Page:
Know When to Dispose of Old Household Files
Files on households can take up a lot of space. After a few years, you may be tempted to throw out some of these files, which contain documents relating to former and current households as well as to applicants who were rejected or withdrew their applications. If you're not careful, you might throw out documents that could help you thwart lawsuits or documents HUD needs to look over for management reviews and audits to ensure that you're complying with HUD rules.
Fortunately, the HUD Handbook spells out the minimum requirements regarding the proper time and procedures for disposing of old files.
Applicants. If your site has a waiting list, you're required to retain current applications of prospective households as long as their status on the waiting list is active [HUD Handbook 4350.3, par. 4-22(A)]. In addition, HUD requires you to keep files relating to an applicant household for at least three years after you reject the household or it withdraws its application. Files should include the application, any correspondence between you and the household such as the initial rejection notice, the applicant reply, a copy of the owner’s final response, any verification forms, and all documentation supporting the reason for removing the applicant from the waiting list [HUD Handbook 4350.3, par. 4-22(B)].
During the application process, you may have conducted your own criminal background check on the applicant. Owners are allowed to use sources other than the housing authority to conduct criminal background checks. The owner may conduct his or her own background search of criminal records, or may hire a contractor. HUD says that criminal records obtained by the owner are to be maintained confidentially, not misused or improperly disseminated, and destroyed three years after tenancy is terminated. And criminal records received for applicants who never move in are to be retained with the application for three years [HUD Handbook, par. 8-14 (C)(14)].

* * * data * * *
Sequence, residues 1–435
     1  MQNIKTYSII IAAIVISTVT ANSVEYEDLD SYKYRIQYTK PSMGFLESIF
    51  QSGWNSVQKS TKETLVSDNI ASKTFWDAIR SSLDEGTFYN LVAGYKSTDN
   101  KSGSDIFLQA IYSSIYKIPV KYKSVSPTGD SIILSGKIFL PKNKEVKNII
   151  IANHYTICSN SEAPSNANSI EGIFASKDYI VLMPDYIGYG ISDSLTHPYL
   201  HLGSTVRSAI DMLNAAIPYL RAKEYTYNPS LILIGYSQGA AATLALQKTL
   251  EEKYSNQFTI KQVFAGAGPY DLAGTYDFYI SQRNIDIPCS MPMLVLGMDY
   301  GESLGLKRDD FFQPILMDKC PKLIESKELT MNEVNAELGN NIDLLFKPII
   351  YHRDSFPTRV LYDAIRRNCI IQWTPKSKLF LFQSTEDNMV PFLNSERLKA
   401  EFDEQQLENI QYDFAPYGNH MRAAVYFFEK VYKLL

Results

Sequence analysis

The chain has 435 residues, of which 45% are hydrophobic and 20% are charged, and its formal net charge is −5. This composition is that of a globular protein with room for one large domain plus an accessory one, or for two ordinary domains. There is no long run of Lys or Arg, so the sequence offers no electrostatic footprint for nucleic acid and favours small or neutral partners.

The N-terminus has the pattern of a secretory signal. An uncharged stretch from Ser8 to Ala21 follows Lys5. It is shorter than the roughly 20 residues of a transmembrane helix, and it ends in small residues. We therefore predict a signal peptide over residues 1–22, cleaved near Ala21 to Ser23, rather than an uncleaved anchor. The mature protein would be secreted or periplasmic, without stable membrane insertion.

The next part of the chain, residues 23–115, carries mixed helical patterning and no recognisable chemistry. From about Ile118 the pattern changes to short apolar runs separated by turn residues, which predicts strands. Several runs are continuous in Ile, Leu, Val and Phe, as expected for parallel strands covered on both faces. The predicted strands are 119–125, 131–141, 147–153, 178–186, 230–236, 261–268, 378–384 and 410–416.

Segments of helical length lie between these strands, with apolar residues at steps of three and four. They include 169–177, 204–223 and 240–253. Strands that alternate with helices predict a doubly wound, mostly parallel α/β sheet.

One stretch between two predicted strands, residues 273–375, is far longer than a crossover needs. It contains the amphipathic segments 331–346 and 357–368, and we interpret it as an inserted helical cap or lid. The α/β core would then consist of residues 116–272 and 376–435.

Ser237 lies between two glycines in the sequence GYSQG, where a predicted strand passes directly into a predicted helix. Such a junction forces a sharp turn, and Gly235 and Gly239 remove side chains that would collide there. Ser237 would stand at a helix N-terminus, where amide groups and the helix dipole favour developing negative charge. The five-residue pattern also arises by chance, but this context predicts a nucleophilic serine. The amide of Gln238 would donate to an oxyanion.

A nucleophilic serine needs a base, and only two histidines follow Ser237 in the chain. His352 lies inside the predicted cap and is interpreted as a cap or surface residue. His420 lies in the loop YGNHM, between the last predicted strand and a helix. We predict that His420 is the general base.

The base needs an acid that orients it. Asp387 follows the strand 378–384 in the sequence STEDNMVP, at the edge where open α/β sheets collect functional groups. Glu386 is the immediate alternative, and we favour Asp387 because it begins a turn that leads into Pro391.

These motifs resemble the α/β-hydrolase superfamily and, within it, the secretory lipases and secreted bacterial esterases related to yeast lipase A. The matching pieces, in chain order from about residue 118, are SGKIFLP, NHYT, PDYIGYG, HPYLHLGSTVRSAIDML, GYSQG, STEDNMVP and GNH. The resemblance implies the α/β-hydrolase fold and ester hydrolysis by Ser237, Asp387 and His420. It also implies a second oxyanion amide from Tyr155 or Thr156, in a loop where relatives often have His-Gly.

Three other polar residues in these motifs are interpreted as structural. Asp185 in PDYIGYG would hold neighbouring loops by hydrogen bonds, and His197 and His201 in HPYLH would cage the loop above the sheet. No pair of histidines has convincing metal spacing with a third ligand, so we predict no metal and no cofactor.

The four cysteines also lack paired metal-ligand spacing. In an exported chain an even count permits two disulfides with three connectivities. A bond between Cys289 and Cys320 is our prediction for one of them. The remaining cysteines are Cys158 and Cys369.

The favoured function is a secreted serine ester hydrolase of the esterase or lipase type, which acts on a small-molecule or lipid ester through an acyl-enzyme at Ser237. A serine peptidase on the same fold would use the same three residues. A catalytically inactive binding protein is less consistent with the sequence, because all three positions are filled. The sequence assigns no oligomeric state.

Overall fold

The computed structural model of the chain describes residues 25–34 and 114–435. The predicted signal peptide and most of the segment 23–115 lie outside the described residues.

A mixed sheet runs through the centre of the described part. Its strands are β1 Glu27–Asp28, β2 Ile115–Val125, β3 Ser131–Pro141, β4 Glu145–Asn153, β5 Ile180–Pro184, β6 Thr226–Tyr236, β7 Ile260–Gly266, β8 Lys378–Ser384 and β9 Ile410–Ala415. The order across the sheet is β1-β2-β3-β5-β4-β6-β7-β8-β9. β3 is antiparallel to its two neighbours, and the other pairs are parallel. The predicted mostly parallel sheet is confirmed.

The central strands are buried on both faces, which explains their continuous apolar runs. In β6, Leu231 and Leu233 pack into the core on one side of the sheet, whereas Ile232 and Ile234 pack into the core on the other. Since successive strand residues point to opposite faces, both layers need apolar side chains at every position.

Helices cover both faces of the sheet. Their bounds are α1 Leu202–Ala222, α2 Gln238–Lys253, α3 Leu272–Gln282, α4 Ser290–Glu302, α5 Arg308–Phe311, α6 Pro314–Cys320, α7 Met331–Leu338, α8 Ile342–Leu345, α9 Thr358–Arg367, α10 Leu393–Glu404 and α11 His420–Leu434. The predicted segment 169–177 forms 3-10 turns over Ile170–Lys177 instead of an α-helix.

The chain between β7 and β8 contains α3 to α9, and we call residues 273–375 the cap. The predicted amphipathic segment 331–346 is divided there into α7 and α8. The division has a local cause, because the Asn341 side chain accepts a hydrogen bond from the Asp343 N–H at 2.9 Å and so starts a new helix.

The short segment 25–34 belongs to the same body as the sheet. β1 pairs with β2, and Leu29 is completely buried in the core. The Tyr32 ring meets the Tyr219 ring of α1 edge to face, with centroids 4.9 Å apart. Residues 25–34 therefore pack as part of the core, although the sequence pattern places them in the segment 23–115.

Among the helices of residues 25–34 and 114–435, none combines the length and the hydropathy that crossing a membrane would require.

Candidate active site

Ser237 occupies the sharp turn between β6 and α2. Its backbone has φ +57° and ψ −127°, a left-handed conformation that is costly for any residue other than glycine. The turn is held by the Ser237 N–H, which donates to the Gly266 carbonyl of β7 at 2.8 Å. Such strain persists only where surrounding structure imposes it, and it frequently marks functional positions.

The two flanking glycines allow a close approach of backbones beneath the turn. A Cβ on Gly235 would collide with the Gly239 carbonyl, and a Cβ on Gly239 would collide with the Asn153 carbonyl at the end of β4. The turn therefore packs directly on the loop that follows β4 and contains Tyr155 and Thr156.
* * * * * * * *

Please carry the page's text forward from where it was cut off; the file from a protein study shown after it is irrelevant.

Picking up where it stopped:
Current households. Don't dispose of any portion of a current household's file while the household still lives at the site [HUD Handbook 4350.3, par. 4-22(C)]. You might need to draw upon old information in the files about current households. For example, a household might claim that you improperly calculated its rent in the past. Old information in the files will show that your rent calculations were justified.
Former households. Keep a former resident household's file for at least three years after it moves out. The file should include all application paperwork, certification and recertification forms, a signed lease, and copies of any notices you sent to the household. In addition, you're required to maintain documentation of all verification efforts throughout the term of each tenancy and for at least three years after the tenant moves out [HUD Handbook 4350.3, par. 5-23(B)].
Disposal of files. If you dispose of files, be sure to do it carefully and thoroughly. HUD requires owners to maintain applicant and tenant information in a way to ensure confidentiality. In fact, any applicant or tenant affected by negligent disclosure or improper use of information is allowed to sue and seek damages [HUD Handbook 4350.3, par. 5-23 (D)].
Owners are required to dispose of all files and records in a manner that will prevent any unauthorized access to personal information [HUD Handbook 4350.3, par. 5-23 R)]. Methods of disposal include shredding or burning. Leaving unshredded or unburned files out at the curb for collection or tossing them in a Dumpster is too risky. The files contain confidential information such as Social Security and bank account numbers. And you could be sued or fined if any misuse of this information can be traced to your negligent disposal of household files.